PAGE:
Tree Following: the Witch Hazel Detective

April15.a 07-04-2015 16-36-51The young witch hazel Hamamelis vernalis ‘Amethyst’ that I am following for Lucy’s meme looks little different from a month ago, although the difficulty of getting such a twiggy thing in focus doesn’t help in making comparisons. The flowers are definitely all over now and the leaves are enlarging ready to open in due course. A closer view of one of the side stems show what is left of the flower heads, each flower having been made up of three little blossoms, something I hadn’t noticed before I began the monthly observation. Seed heads have formed on some of my other witch hazels in the past, so I shall be watching out for this possibility with ‘Amethyst’, although I guess it depends very much on how many pollinating insects there are around when witch hazels are in flower.

April15.b 07-04-2015 16-37-09Another observation thrown up by monthly sleuthing is shown clearly on H ‘Zuccariniana’, the only witch hazel that didn’t really flower this year – three flowers are all there was, but at least it is alive and very much kicking, with leaves further developed than any other deciduous tree in the garden, perhaps because in the absence of flowers it was able to divert its resources into the leaves instead? Inspecting it frequently to see if more flowers were going to appear and comparing it to the newer varieties I have which have flowers very close to the main steam, I have worked out that the tiny knobbly bits on the side stems are where there has been a flower in the past – and that later flowers are at the end of the side stems which gradually increase in length. So Amethyst, with no knobbly bits, is a very young tree (and I know for a fact it was dug from the field at Bluebell Nurseries while I waited) perhaps only a couple of years old, whereas Zuccariniana with about 15 knobbly bits is going to be at least 15 years old – and indeed I bought it in 2003 when it will have been a mere youngster.

April15.c 07-04-2015 16-03-15 07-04-2015 16-03-15.d 07-04-2015 16-03-15April15.d 07-04-2015 16-37-37Not rocket science, but something I might not have noticed if it wasn’t for this monthly meme, so thanks to Lucy for hosting it. Do have a look at her blog to see links to the trees other people are following. In the meantime, enjoy this picture of an unexpected flower on a tiny Chinese witch hazel I have, Loropetalum chinense rubrum ‘Blush’, only distantly related to Hamamelis but with a very similar flower.

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18 Responses to Tree Following: the Witch Hazel Detective

  1. I didn’t know about this meme. Thanks for posting, and I found a few good blogs to follow. Much appreciated!

  2. I love “detective work” 🙂 … whether it’s genealogy, jewelry, or plants. Good catch there!

  3. Cathy says:

    The Chinese one has such a pretty name as well as a pretty flower. Interesting to have several Hamamelis to compare, Cathy.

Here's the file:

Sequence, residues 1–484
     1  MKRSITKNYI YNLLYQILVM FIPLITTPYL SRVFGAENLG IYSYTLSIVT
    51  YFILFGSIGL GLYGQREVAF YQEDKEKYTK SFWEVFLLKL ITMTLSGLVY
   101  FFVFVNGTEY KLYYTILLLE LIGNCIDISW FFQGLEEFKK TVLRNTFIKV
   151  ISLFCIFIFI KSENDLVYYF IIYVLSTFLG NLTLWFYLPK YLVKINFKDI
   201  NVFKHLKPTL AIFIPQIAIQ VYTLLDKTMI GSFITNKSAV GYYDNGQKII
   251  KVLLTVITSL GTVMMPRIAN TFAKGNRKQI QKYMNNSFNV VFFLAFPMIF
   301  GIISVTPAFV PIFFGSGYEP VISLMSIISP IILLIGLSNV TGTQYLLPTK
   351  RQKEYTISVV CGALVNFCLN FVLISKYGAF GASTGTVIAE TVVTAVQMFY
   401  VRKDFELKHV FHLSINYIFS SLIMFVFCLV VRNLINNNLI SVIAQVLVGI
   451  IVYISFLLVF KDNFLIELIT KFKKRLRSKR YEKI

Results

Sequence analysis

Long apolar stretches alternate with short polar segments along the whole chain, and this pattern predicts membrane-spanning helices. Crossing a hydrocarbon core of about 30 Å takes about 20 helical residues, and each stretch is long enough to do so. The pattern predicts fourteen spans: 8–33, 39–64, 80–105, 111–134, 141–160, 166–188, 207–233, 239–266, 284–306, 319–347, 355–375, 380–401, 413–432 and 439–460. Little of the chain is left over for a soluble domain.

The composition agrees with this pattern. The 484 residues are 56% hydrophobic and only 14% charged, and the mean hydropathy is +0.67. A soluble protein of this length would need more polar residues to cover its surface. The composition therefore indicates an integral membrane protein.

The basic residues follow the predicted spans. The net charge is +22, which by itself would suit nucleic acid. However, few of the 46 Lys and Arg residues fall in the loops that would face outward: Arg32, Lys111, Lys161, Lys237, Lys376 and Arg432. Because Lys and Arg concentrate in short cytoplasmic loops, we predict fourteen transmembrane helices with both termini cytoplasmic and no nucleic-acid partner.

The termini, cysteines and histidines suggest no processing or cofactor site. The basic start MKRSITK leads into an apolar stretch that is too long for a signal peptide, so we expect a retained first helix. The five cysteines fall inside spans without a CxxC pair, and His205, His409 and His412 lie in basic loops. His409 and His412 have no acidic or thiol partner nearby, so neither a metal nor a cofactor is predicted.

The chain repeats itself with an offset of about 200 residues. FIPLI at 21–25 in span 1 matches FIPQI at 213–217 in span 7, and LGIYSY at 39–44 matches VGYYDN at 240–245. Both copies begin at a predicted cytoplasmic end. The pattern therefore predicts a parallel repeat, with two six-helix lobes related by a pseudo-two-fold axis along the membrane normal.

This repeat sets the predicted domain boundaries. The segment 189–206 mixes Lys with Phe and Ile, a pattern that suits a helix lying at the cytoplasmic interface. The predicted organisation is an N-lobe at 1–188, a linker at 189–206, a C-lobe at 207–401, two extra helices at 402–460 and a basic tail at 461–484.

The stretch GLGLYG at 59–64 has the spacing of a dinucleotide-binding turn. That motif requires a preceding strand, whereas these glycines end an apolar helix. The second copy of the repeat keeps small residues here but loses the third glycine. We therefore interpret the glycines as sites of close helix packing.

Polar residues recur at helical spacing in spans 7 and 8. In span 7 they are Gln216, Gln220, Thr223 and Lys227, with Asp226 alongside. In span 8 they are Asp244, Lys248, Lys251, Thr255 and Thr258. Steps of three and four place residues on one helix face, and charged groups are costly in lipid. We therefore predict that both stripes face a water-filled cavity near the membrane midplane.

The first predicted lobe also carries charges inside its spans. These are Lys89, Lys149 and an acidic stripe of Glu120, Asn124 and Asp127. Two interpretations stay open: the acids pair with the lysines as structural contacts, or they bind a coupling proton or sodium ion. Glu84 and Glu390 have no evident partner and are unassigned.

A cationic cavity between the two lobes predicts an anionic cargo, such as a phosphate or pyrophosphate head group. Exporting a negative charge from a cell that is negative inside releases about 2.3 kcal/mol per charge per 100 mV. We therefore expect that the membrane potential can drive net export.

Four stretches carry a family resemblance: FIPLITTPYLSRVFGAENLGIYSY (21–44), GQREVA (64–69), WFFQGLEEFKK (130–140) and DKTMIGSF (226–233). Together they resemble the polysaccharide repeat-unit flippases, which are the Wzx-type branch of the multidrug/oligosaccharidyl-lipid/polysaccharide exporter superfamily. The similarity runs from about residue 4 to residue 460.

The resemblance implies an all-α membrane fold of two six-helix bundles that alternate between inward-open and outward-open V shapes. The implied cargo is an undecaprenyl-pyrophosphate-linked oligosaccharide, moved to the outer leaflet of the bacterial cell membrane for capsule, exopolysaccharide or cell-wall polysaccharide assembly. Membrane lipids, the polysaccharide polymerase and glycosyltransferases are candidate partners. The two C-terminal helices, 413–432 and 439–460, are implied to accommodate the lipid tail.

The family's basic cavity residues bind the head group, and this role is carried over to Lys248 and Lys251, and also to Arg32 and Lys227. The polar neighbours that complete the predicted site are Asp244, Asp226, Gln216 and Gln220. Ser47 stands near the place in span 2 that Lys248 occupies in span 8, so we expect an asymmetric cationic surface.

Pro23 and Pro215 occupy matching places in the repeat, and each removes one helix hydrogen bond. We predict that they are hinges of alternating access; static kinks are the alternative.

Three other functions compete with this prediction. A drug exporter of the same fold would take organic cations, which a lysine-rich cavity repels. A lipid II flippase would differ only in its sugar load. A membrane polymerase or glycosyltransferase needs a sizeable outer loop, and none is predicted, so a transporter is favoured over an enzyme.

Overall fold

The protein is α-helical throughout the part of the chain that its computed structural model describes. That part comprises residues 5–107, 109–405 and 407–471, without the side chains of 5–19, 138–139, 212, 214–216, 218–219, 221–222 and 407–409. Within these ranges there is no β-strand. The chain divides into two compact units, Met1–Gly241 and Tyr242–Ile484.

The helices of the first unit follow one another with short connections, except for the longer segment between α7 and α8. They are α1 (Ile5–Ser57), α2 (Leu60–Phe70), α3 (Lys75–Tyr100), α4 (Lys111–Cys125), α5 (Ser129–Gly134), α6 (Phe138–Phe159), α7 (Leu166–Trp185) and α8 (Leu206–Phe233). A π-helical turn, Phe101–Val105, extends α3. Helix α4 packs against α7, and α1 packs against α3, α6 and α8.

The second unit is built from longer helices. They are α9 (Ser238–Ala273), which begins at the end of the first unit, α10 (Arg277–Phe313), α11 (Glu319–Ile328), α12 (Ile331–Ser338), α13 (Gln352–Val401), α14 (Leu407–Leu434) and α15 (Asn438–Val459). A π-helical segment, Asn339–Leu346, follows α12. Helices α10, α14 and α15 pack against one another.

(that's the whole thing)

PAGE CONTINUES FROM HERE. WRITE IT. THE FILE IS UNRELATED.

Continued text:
• Cathy says:

      And yet I probably didn’t make a point of comparing them before in much the same way – there are all sorts of things I didn’t notice before

  4. Lea says:

    I didn’t know they came in other colors – the only witch hazel I knew about has yellow blooms. Very interesting!

    • Cathy says:

      The US natives are generally yellow I believe, but I have named red and various shades of orange ones too, and Amethyst is (not surprisingly) purple!

  5. Amy says:

    That’s a fascinating way to estimate the age of the tree, Cathy! And of course, if you didn’t have several of them, you wouldn’t be able to test it… which shows how nice it is to follow a tree AND have a fine collection of witch hazels… 😉

    • Cathy says:

      Yes, I was pleased to be able to conform ion my own mind how long I think I had had that one. I am very fond of my witch hazels- they may be expensive but they have such a long season of interest

  6. Pauline says:

    Your Chinese tree has such pretty flowers and what a lovely colour.
    You have started me thinking about how hazels are pollinated, The wild sort that grows in the hedges has male catkins and tiny little red spidery female flowers and they are wind pollinated. But then, if the witch hazels were wind pollinated, why would they need to be perfumed? Hmm..I wonder, something for us to look into!

    • Cathy says:

      Thanks for triggering that thought, Pauline – I have done a bit of Googling and have found out some fascinating facts about the seeds but not yet the answer to your question. I will see what I can find by the next tree post

  7. Cathy the last photo of the flower is lovely, it is interesting learning more about our trees by keeping these monthly records, the knobbly bits I gather can be used to know the age of a witch hazel, your little tree is developing nicely, Frances

    • Cathy says:

      Thanks Frances – it is still very little though, and I know how long my oldest ones have taken to get where they are!

  8. I also have a heard time photographing the little twig trees I have here…and I hope my Witch Hazel will flower this year…loved seeing yours Cathy!

  9. The flowers may be few but they’re quite interesting.Great work in discovering how to determine the age of your tree. Somewhat like tree rings, I suppose. Thanks for sharing.

  10. Chloris says:

    Well how observant of you, I never knew that about the knobbly bits on Hamamelis. How appropriate as Witch Hazel is used for varicose vein treatment.

    • Cathy says:

      I think they must develop a terminal leaf each year which partly creates the knobbly bit – I need to look out for that on my newer plants

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